Steve Wade’s excellent weekly column continues: As Martin O’Neill was no doubt taught by the fathers, you can go to hell for one mortal sin….
As Martin O’Neill was no doubt taught by the fathers, you can go to hell for one mortal sin, just the same as you can for a dozen or more, just like you can go out of the cup for one mortal mistake after ninety minutes of minding your manners and keeping the buggers out, at the expense of a lot of sweat and mental endeavour. And so it was, as Solskjaer hit a sweet but far from spectacular shot, and it squirmed under Villa’s man in the pyjamas.
Okay, so United were better – a lot better at times – but you couldn’t help feeling gutted because it sort of fulfilled, those deep down expectations which haunt you at night, that there’s an Indian sign (whatever that is)hanging over FA cup fixtures between the two teams. Even when Villa were better and managed to score two goals – not so long ago – they still lost. The curse of the broken cheek-bone perhaps.
The question that irresistibly comes to mind, is could it have happened the other way round, where United make the mistake in injury time and lose the match? And thinking about it, it is actually impossible to imagine, even though for United to have had twenty odd shots on goal and then losing it, would require a crazy level of freakish luck to deliver the result into Villa’s hands. Such a result would have looked like divine-intervention and I think it would have made a few Villan’s blush, had they been gifted such a piece of luck. But it would have been hard to tell because its impossible to see a blush when someone’s laughing. Even so, I bet the United fans never blushed, because the various pieces of divine-intervention, which United have enjoyed, have been overlooked or actually brushed under the carpet, so that they just see it as their divine right – a bit like the storm sinking the Armada – history prefers to forget.
United’s luck in the Fergie years, has been quite astounding. Starting with Robin’s goal against Oxford (?) which saved Ferguson’s job; Hughes’s goal against Oldham (FA cup semi-final); and then the series of events which won them the treble, after Bayern had hit the post etc. And, indeed there are quite a series of etceteras, if you care to endure the misery of counting them. But I can’t really remember them suffering the fate of say, Liverpool, who had that terrible moment when Michael Thomas scored the goal at Anfield in 1989, which robbed them of the championship. The list goes on.
I have a real problem with United. Call it jealousy or whatever you like but I have a problem with them. They even had the audacity to come back from two down, at Villa Park in (March 14 1980) during the crucial run-in, and draw 3-3; what a horrible day that was. So, when added to 1993, with United’s luck at Wednesday and Villa’s lack of luck at Norwich, you can’t blame me for resenting them. I even have a cousin, who even though he lived opposite Plainmoor and supported the Gulls with his dad, now declares himself a Man United supporter. So if you start adding all this stuff together, it is a piece of piss to dislike the club, before you have even begun to add in the antics of Cantona and Keane; and the fact that they got away with blue-murder.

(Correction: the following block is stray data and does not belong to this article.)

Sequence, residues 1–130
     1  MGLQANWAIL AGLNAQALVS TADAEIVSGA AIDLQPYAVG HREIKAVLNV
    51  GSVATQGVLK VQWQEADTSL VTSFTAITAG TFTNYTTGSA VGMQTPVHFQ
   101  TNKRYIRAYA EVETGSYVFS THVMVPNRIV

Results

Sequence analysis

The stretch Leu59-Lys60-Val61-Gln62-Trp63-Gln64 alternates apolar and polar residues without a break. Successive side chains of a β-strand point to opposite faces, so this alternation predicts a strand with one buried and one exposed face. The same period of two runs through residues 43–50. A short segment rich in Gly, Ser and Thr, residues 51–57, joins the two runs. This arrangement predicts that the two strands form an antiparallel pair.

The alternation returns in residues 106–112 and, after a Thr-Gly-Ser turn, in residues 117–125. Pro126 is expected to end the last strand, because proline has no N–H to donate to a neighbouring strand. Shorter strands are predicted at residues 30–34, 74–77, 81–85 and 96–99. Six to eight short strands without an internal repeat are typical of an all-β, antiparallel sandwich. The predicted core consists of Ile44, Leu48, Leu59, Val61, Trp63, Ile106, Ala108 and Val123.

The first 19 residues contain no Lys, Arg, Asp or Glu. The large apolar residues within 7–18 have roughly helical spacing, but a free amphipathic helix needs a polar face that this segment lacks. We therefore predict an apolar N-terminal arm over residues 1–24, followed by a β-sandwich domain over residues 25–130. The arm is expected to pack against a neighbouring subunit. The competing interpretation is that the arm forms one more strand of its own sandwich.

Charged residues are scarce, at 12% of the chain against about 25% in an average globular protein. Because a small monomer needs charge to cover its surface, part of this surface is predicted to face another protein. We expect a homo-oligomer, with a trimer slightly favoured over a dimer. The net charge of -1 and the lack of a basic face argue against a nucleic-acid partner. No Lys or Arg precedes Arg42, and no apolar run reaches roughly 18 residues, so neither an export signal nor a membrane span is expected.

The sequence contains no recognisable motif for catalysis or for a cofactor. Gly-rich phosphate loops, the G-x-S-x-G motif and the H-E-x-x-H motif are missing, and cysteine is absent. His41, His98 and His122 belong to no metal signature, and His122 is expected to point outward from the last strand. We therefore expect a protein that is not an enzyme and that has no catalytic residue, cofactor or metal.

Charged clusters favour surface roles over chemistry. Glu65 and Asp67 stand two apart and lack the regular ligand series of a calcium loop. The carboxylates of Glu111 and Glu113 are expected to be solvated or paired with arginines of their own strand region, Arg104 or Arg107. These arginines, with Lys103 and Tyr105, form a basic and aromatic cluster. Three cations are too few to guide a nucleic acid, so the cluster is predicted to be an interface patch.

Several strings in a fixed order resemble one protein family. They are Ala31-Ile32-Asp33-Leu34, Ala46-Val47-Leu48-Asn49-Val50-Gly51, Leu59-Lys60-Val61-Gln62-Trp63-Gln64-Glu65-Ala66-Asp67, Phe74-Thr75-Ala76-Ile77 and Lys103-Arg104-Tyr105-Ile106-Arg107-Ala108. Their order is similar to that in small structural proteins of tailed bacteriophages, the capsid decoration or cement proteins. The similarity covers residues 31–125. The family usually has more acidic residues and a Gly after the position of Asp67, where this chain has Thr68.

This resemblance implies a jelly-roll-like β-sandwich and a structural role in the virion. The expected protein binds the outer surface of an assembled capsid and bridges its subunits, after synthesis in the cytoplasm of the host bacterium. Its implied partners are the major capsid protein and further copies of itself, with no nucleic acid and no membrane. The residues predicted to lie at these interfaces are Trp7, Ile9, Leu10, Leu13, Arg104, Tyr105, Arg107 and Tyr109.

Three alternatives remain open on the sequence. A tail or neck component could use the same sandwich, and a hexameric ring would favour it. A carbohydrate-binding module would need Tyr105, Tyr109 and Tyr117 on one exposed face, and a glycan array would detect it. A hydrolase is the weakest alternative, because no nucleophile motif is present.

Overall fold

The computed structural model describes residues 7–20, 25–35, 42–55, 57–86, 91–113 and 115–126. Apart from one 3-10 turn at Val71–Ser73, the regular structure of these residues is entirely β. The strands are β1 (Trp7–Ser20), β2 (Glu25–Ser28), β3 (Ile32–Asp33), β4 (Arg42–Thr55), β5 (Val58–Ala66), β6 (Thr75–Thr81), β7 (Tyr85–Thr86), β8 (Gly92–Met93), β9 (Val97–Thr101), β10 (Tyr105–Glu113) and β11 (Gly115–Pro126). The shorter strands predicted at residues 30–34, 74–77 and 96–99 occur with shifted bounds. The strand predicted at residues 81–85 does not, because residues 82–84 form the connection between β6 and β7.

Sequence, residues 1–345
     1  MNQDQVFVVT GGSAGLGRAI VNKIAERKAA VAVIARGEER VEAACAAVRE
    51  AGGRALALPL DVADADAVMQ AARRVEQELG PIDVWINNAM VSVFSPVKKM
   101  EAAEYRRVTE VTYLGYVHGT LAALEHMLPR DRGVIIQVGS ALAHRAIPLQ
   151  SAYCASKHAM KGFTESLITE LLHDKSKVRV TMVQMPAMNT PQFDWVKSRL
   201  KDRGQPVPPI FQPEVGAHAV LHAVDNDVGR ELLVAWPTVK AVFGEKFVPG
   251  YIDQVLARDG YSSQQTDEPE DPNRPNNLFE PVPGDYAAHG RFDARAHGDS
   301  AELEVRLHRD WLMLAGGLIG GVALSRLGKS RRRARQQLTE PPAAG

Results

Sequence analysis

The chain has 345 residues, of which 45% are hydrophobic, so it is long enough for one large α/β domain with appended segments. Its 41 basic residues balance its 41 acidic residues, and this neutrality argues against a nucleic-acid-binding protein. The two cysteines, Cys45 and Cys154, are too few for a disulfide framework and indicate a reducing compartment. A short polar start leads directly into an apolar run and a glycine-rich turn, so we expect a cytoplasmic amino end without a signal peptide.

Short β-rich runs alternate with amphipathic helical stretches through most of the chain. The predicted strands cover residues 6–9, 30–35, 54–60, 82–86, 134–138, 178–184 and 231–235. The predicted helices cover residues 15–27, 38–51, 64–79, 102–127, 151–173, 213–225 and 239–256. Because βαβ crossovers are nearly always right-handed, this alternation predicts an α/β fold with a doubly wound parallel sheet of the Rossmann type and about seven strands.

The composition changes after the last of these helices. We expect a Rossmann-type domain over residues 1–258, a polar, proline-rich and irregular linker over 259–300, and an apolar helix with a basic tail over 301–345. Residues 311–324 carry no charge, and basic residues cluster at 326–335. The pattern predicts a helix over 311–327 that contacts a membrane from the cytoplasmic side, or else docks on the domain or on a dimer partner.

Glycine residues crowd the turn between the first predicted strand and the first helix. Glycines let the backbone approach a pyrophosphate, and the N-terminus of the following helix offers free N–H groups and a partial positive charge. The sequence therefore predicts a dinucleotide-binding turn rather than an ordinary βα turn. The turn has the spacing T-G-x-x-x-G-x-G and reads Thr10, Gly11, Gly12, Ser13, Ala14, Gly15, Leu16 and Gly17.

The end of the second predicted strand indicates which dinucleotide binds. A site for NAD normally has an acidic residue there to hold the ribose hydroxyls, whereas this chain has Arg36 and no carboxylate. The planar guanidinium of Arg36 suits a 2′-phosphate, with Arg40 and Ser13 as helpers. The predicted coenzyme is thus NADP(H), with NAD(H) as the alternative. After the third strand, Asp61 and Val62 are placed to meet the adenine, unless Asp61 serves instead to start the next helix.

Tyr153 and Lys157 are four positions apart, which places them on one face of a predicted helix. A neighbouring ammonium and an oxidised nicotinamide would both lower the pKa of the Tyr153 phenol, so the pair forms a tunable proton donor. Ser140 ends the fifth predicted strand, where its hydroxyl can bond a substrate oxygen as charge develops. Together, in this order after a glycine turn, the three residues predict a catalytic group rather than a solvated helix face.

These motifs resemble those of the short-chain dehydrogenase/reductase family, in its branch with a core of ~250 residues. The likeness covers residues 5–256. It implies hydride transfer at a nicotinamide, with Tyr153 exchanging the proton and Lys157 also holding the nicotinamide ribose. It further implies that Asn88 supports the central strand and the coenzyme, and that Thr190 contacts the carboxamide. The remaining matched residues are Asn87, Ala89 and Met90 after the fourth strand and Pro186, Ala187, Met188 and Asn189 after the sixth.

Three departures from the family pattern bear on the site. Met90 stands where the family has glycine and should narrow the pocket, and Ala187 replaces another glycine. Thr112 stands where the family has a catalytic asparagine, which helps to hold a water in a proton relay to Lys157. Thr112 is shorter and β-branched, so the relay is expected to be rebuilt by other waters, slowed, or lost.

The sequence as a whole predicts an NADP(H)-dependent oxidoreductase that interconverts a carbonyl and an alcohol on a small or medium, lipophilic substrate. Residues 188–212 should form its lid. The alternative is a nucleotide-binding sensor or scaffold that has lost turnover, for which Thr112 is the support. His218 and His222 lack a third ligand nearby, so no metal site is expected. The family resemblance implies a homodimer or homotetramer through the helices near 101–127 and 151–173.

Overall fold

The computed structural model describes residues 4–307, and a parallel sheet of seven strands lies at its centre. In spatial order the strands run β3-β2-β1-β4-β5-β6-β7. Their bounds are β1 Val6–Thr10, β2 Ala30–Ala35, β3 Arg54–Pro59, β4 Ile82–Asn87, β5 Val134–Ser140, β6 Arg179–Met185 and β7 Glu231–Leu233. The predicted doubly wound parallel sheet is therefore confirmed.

My dislike is as vehement as it is irrational and it is so severe that it actually prevents me from enjoying my football if they have won, which they tend to do rather often these days. In fact, the other week, a combination of Villa losing when they should have won, plus several other unfavourable results (Blues won), rendered me incapable of watching MoTD and no matter what I said to myself I just could not bring myself to turn on the TV. Its at this point that you can’t avoid but conclude that this obsessive dislike, is doing me more harm than them and perhaps I might want to address the problem. Yes, I am a very bad loser, which is surprising, as you would think I might be used to it by now.
So, I am trying to like Man United, or at least not feel sick when they win, or get the veins standing out on temples, when I hear some biased lick-spittle from some commentator. I can remember them saying how Fletcher was a shoo-in for an England shirt, after one game and now whose he playing for? See there I go again and my neck has gone all stiff as I rattle the keys of the keyboard, slightly more vigorously than is necessary – it just ain’t healthy. I definitely need therapy, as the way things stand, it very much looks like, I have the prospect of having to endure, the season ending, with United as champions and Ronaldo as player of the season. Now you’ll get no argument from me about him being a very decent player but he’s just not my idea of a gentleman and worse still, when the trophy is handed over, into his little mits, selective-memory will kick-in and every instance of him, not quite living up to the most modest standards of sportsmanship, will not only be forgotten, they will be actually denied. At which point, it is certain that I might be seen to have a conniption fit.
All I am saying, is that I need to work on it.
Some things you just have to let go for the sake of your health and sanity. Whether I actually manage it or not remains to be seen but I intend to make a start.
Now, the sort of start I would really like, is for Villa to beat them on Saturday – that would start me on the right road to recovery and perhaps given time, I might deal with this madness.
I wouldn’t bet on it though but nevertheless – Nil Desperandum.
By Steve Wade